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Human Rights and Mental Health

The Ontario Human Rights Code outlines numerous rights and responsibilities for the manner in which Ontarians interact with each other in various settings. For the purposes of this paper, the focus must be on Employment and human rights, and in particular the consideration of disabilities in hiring an individual and also in the handling of a disability that may arise while an individual is employed.

The Ontario Human Rights Act states as follows:
5.-(1) Every person has a right to equal treatment with respect to employment without discrimination because of race, ancestry, place of origin, colour, ethnic origin, citizenship, creed, sex, sexual orientation, age, record of offences, marital status, family status or handicap [emphasis added].1

While I have put the emphasis on the word “handicap” above, there is no doubt that discrimination in the workplace due to race, ancestry, place of origin, colour, ethnic origin, citizenship, creed, sex, sexual orientation, age, record of offences, marital status, or family status can also lead to the development of mental health conditions or a “handicap” that might result in disability. Whether or not systemic discrimination in the workplace may be covered by workers’ compensation is yet another potential developing area to be explored as discussed in the previous section of this paper.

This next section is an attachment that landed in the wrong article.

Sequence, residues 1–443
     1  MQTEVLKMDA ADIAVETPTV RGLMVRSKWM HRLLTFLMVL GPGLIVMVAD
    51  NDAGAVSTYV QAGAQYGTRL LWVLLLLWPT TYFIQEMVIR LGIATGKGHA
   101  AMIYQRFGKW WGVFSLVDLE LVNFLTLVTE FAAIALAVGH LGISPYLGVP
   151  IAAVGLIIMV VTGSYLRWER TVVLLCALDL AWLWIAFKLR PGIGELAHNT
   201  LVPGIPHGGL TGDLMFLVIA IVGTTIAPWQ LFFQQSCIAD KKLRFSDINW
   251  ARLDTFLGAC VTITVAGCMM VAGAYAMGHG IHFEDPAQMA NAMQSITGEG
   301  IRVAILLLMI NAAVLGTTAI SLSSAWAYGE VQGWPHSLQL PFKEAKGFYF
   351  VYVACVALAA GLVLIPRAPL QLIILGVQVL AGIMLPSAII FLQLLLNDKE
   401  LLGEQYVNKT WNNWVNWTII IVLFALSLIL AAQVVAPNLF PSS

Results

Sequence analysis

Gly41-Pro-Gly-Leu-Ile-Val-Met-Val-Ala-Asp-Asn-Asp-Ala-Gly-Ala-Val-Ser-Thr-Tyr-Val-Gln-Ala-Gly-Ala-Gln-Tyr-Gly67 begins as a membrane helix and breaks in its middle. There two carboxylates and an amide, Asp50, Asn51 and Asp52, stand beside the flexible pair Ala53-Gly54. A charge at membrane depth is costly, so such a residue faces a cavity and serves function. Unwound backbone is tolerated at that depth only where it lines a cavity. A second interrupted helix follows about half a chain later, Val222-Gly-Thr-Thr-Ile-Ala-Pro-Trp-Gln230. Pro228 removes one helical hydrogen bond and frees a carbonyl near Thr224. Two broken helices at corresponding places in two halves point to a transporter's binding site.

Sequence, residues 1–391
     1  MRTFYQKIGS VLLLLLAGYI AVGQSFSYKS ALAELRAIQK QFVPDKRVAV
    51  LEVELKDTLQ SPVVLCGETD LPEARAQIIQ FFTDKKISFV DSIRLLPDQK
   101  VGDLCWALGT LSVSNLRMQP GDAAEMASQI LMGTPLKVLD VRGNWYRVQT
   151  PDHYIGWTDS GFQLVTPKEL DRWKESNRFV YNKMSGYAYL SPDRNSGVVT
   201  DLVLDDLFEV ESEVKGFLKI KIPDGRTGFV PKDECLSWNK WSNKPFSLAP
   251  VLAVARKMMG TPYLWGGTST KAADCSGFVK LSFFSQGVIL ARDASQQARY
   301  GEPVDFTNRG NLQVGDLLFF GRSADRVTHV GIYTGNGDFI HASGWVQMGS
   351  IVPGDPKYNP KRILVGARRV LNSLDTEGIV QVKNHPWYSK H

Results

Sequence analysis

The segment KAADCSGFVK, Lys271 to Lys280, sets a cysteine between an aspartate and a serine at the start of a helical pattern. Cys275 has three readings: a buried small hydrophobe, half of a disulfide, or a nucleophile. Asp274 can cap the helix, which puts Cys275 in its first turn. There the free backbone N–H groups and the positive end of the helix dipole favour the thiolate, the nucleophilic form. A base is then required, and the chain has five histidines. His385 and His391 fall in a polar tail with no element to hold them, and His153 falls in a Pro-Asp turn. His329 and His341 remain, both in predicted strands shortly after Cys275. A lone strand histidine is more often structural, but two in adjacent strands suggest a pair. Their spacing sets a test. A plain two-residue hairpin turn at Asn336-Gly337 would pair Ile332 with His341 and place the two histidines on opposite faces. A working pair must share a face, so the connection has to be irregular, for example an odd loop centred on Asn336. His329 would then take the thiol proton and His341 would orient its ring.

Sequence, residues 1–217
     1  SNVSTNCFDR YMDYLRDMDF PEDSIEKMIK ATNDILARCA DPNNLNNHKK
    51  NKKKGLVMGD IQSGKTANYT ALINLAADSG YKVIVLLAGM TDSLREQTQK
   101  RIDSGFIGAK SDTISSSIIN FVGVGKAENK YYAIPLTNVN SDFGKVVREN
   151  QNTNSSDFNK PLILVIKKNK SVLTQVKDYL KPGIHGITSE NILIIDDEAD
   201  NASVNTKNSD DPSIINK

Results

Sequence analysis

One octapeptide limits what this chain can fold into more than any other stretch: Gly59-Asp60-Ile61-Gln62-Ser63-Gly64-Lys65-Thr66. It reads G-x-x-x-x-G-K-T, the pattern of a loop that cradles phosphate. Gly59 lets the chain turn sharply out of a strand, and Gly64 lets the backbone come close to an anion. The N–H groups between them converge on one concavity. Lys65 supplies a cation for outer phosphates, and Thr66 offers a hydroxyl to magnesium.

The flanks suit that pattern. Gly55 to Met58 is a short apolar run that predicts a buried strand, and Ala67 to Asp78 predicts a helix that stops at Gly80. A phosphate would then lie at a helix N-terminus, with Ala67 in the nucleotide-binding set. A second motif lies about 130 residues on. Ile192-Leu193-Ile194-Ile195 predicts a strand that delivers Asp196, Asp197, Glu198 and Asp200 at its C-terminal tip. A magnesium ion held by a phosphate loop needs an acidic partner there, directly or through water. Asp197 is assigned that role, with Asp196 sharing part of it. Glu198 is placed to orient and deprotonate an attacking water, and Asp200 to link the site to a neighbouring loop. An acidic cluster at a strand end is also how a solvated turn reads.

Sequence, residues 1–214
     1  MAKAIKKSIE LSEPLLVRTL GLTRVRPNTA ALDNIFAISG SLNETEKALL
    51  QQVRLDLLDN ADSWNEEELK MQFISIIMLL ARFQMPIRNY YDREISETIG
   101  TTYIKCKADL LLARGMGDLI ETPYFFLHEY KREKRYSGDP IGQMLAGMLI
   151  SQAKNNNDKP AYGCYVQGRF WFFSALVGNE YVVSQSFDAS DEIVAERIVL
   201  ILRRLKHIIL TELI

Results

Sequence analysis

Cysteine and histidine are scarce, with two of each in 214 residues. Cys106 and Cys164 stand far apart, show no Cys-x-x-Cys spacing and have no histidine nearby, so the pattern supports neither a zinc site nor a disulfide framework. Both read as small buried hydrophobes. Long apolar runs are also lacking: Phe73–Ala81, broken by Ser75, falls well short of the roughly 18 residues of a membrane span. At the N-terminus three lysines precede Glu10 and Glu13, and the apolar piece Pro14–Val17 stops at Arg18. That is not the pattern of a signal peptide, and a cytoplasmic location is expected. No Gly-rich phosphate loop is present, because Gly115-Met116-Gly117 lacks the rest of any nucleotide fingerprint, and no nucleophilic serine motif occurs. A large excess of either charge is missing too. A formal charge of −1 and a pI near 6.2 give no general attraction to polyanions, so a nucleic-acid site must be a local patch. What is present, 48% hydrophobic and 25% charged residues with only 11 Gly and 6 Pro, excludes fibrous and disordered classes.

A “handicap” has been defined as follows:

1. Is the condition permanent or ongoing? A temporary condition is not a disability unless it recurs as part of a medical condition.
2. Is the condition so serious that it restricts life’s important functions, such as the ability to do a job, basic mobility or family life?
3. The Commission may consider whether the condition is common to the broader public.

For example, the common cold, no matter how severe, is not a disability.A condition may be considered a disability based on these three factors. For example, serious allergies, environmental sensitivities or clinical depression [emphasis added] may be considered disabilities after consideration of the three factors.

A review of material from the Ontario Human Rights Commission reveals that approximately 75% of human rights complaints arise out of situations in the workplace. A significant portion of such complaints revolve perceived discrimination regarding a person’s “handicap”.

With the growing number of human rights cases, and the anticipated changes in the legislation that will expand the potential for recovery of damages through the courts, the leakage of employment, human rights and disability insurance claims will probably be significant.



1 Guide to Human Rights Code, Ontario Human Rights Commission, Prepared by the Policy and Education Branch Approved by the Commission: May 26, 1999